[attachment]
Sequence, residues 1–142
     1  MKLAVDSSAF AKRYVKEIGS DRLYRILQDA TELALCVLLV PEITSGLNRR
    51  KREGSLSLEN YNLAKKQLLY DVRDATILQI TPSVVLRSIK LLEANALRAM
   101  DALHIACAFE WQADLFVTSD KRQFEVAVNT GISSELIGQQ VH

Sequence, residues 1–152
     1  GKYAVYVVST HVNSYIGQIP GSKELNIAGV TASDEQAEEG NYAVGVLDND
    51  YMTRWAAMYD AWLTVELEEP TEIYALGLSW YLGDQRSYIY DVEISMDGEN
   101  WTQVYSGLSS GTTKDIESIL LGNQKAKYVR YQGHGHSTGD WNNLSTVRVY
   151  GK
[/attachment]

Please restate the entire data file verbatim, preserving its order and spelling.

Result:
Sequence, residues 1–142
     1  MKLAVDSSAF AKRYVKEIGS DRLYRILQDA TELALCVLLV PEITSGLNRR
    51  KREGSLSLEN YNLAKKQLLY DVRDATILQI TPSVVLRSIK LLEANALRAM
   101  DALHIACAFE WQADLFVTSD KRQFEVAVNT GISSELIGQQ VH

Sequence, residues 1–152
     1  GKYAVYVVST HVNSYIGQIP GSKELNIAGV TASDEQAEEG NYAVGVLDND
    51  YMTRWAAMYD AWLTVELEEP TEIYALGLSW YLGDQRSYIY DVEISMDGEN
   101  WTQVYSGLSS GTTKDIESIL LGNQKAKYVR YQGHGHSTGD WNNLSTVRVY
   151  GK